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Re: [csswg-drafts] [css-values-4] Clarify how and when the initial containing block and visual viewport may deviate (#5777)

From: David Bokan via GitHub <sysbot+gh@w3.org>
Date: Thu, 10 Dec 2020 22:51:05 +0000
To: public-css-archive@w3.org
Message-ID: <issue_comment.created-742850000-1607640663-sysbot+gh@w3.org>
Just to clarify a point of terminology, from the linked article (which is very well put together, by the way - thanks!):

> Aside: I don't know about anyone else, but I find use of the word "initial" in "initial containing block" slightly confusing. To me, initial tends to imply that the quantity is calculated at the start (e.g. on page load) and that it is static, whereas it is very much dynamic, adapting to changes in scroll, pinch-zoom, and adapting to changes in the visual viewport size (e.g. if the browser window is rotated or resized.)

What you're describing as "Initial Containing Block" here is actually what we usually call the "Layout Viewport". The initial containing block as defined in [CSS2](https://www.w3.org/TR/CSS2/visudet.html#containing-block-details) is a layout-only concept and conceptually doesn't ever change position, even when you scroll.

The "layout viewport" isn't specified but the behavior is fairly interoperable - it is a viewport in the sense that it's position changes as the user scrolls. Its size is _by definition_ the size of the visual viewport at minimum scale. Position: fixed elements use this as their containing block - meaning they resolve percentage based sizes from this (hence, a `position: fixed; height: 100%` element will resize in response to the URL bar hiding) as well as position (`position:fixed; bottom: 0` sticks to to viewport bottom even as the URL bar hides). 

So, if I understand correctly, your proposal is the have the layout viewport and ICB always match (allowing some temporary disagreement).

Is this not just going back to the way things were when hiding and showing the URL bar would resize the ICB? We changed to a model where the ICB isn't resized since experience showed it made many common use cases for vh unusable. I don't see how this proposal addresses the concerns that led to that change in the first place.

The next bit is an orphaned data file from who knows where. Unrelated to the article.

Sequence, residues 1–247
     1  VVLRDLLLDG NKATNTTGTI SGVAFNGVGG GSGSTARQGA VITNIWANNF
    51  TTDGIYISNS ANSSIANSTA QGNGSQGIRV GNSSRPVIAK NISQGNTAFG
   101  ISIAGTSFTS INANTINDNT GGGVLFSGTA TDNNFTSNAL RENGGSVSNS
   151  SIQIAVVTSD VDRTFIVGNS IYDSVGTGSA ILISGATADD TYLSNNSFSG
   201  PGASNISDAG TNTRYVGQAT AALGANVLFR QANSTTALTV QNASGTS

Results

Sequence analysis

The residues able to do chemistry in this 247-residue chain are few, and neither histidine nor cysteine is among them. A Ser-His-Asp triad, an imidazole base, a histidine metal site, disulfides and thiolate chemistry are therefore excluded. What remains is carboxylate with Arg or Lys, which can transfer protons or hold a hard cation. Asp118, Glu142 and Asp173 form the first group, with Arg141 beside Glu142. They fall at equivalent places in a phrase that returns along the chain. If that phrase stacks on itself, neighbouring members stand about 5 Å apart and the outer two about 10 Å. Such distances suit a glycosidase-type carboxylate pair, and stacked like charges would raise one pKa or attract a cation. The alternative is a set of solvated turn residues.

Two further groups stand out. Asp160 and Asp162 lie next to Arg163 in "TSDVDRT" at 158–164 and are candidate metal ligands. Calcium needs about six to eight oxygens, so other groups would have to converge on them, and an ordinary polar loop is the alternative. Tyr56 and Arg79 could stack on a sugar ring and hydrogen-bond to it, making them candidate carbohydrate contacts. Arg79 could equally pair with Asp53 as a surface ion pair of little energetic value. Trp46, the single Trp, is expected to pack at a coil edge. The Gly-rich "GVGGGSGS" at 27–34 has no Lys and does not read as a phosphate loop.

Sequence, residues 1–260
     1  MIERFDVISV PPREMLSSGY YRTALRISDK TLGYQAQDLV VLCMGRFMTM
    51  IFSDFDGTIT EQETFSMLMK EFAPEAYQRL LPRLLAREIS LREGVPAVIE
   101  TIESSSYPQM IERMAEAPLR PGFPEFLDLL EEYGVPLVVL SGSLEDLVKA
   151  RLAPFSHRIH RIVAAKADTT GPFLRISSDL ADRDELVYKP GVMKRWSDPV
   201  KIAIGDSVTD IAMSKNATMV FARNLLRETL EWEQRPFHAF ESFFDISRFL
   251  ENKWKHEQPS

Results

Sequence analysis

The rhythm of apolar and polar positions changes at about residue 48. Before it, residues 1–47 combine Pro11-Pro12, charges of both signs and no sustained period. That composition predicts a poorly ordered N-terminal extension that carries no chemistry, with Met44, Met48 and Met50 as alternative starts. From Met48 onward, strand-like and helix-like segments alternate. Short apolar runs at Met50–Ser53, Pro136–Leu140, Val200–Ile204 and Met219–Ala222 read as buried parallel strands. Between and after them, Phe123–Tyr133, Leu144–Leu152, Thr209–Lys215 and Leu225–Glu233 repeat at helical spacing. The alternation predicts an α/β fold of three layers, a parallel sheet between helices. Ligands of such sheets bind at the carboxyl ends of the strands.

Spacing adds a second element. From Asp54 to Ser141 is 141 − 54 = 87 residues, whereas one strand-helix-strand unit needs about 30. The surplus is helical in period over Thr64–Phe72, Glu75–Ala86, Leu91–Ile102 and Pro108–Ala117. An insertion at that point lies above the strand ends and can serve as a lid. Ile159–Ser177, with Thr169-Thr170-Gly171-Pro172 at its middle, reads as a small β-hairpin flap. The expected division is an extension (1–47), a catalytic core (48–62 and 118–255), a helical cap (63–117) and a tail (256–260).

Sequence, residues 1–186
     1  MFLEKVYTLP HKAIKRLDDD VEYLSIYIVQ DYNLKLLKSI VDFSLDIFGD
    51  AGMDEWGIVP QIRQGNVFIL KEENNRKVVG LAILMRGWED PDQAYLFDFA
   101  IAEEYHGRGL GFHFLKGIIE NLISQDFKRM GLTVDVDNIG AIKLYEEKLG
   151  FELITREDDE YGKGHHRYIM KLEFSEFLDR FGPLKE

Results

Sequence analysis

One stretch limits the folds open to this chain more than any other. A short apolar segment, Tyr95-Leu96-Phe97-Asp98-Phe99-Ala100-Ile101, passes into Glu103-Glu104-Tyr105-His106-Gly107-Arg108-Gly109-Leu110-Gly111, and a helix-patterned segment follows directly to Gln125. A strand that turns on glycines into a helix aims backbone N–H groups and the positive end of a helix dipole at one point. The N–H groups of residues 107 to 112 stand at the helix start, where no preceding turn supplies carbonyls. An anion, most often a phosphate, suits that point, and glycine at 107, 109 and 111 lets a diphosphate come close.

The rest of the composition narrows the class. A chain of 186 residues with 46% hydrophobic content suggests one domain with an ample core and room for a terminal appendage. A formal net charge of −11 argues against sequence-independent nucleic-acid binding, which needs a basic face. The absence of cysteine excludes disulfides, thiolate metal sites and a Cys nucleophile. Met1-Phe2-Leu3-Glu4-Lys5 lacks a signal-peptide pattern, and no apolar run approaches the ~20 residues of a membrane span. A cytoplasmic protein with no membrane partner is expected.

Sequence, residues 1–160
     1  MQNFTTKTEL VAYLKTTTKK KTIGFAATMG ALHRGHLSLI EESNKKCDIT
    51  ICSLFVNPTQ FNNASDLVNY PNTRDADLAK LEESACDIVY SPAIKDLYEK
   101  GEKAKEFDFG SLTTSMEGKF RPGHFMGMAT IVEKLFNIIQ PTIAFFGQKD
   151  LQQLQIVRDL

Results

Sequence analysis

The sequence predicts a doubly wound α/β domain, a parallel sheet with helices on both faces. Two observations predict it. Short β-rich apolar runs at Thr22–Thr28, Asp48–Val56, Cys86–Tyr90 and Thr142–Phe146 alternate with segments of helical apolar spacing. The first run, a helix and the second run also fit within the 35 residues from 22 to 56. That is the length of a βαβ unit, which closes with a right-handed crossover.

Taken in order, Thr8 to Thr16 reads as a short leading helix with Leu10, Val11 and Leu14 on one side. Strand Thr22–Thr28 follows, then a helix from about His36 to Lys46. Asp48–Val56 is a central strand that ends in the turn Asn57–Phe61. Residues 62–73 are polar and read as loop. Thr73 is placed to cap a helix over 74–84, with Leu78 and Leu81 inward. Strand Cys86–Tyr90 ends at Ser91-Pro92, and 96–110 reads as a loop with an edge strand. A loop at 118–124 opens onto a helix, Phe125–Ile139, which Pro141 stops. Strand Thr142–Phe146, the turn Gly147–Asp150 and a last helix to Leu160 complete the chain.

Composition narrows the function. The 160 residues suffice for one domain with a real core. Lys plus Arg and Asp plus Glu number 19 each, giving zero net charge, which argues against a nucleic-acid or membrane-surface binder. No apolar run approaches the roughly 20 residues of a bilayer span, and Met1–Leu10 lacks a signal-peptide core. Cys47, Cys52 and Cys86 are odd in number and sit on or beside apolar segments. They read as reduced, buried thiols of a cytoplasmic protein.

> There are no issues with regards to backwards compatibility. Web developers do not need to change anything.

I don't think this is true. The current behavior has been in place and interoperable for the last few years at least (in addition to the problem sites we had prior to the change). Any page that, for example, sets font size based on vh will now have a UX destroying reflow on each change in scroll direction anytime the URL bar is shown/hidden.

I think what you're suggesting is that there are use cases where a page actually wants this dynamic, resizing layout viewport as the source for vh units. I believe that's true but using this as a default behavior for `vh` (introduced before mobile URL bars were around) hasn't worked in the past.

Assuming you can't build your layout on `position: fixed`, which would get that behavior (but I can imagine comes with other compromises), I would suggest something akin to (another?) `vh`-type unit that _is_ dynamic (or something like a [`vh-sizing` property](https://github.com/w3c/csswg-drafts/issues/4329#issuecomment-543344105) that allows dynamic but defaults to the current behavior). That way authors would have to opt-in to the new and unambiguously defined behavior.

Regarding more general URL bar behavior and design in browsers - I would point out this is an extremely constrained and complex area. The URL bar is the primary security surface for mobile browsers and the most user visible piece of UI. Making changes to this is extremely difficult; much more so than how the URL bar interacts with layout and page APIs (which is merely "very" difficult).

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